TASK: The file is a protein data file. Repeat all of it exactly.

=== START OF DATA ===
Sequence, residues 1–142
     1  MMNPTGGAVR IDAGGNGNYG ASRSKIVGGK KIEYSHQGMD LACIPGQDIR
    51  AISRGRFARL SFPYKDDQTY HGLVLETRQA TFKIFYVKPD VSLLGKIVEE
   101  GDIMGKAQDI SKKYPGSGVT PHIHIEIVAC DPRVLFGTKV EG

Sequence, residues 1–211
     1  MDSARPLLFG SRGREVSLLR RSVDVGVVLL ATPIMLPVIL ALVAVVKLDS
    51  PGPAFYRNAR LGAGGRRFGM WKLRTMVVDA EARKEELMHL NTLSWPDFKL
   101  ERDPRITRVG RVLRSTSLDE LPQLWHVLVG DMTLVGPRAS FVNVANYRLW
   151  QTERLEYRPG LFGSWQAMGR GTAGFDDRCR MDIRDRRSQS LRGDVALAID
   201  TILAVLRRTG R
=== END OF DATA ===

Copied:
Sequence, residues 1–142
     1  MMNPTGGAVR IDAGGNGNYG ASRSKIVGGK KIEYSHQGMD LACIPGQDIR
    51  AISRGRFARL SFPYKDDQTY HGLVLETRQA TFKIFYVKPD VSLLGKIVEE
   101  GDIMGKAQDI SKKYPGSGVT PHIHIEIVAC DPRVLFGTKV EG

Sequence, residues 1–211
     1  MDSARPLLFG SRGREVSLLR RSVDVGVVLL ATPIMLPVIL ALVAVVKLDS
    51  PGPAFYRNAR LGAGGRRFGM WKLRTMVVDA EARKEELMHL NTLSWPDFKL
   101  ERDPRITRVG RVLRSTSLDE LPQLWHVLVG DMTLVGPRAS FVNVANYRLW
   151  QTERLEYRPG LFGSWQAMGR GTAGFDDRCR MDIRDRRSQS LRGDVALAID
   201  TILAVLRRTG R